Allen and Margaret Berrington were inseparable during their nearly seven decades of marriage and will remain together even after death, according to their grandson.
“It’s a love story 69 years in the making,” said James Graham.
“Their relationship? Inseparable, symbiotic and to that end I think we’re going to combine their ashes so that they can remain together in that state.”
The Berringtons, who were both in their 90s, were found dead Wednesday on a secluded road nearly 100 kilometres outside of the city, said RCMP Sgt. Patrick Webb.
It’s believed that the couple ran out of gas on a wagon trail in the wooded area and began walking to seek help. Their bodies were found only metres apart from one another about three kilometres south of their Chrysler Sebring.
“I don’t know what their choices were, but I think the key is that whatever choice they had made in that moment, they did make it together,” said Graham.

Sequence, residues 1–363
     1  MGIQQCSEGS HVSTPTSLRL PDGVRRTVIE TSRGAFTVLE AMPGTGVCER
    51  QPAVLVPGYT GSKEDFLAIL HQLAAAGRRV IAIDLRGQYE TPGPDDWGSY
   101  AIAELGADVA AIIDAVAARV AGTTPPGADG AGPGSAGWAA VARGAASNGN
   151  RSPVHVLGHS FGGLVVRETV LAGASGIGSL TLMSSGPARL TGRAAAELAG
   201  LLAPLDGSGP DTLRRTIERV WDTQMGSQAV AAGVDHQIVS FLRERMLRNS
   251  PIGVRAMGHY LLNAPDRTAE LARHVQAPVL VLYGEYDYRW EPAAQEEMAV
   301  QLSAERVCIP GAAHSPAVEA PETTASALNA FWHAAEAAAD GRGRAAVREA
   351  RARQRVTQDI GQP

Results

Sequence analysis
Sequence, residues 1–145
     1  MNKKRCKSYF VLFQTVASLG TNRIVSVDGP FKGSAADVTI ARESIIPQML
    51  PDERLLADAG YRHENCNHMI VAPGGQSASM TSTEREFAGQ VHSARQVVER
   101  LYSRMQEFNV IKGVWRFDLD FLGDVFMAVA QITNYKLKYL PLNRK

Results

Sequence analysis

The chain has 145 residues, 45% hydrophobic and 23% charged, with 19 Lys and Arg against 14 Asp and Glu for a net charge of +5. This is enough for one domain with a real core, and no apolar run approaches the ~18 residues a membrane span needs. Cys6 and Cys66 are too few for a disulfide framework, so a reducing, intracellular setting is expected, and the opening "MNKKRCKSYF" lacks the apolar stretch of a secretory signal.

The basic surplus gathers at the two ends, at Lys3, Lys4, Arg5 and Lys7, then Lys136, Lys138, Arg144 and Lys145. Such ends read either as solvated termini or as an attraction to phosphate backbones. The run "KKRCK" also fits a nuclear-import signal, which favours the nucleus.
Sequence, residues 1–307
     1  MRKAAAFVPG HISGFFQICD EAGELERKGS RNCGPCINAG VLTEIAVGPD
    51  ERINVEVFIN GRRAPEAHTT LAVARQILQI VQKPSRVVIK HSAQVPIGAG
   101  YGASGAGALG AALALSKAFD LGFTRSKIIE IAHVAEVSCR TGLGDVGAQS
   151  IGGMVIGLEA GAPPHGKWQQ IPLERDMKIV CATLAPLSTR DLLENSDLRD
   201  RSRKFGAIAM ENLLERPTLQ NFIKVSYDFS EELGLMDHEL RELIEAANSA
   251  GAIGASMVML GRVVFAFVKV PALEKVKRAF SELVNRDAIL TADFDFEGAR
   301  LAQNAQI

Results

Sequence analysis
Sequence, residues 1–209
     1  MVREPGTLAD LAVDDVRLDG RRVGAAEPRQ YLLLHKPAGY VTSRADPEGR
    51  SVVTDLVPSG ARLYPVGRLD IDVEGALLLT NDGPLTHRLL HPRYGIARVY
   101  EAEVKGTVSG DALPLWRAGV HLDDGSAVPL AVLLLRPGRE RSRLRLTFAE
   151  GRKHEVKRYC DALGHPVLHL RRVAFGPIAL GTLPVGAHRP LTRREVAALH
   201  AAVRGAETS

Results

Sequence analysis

He said his grandparents may have been heading to the Grey Eagle Casino on May 27 for the seafood buffet when they missed the turnoff.
The family found the home in slight disarray, and Graham said it was unlike his grandmother to leave the house in that state.
“My grandfather had been losing weight at such a rate that (Margaret) would have been quite concerned about getting him fed and (the buffet) would have been one of their fastest options,” explained Graham.
Allen had been suffering from early onset dementia, which could have caused him to become confused when he was driving, said Graham.
While the couple did own a cellphone, Graham said the device is still sitting on their coffee table, uncharged.
They leave behind three children, seven grandchildren and 12 great-grandchildren.
“We have heavy hearts and our spirits are embattled, but there also has been a very warm embrace from the community,” said Graham.
With files from the Canadian Press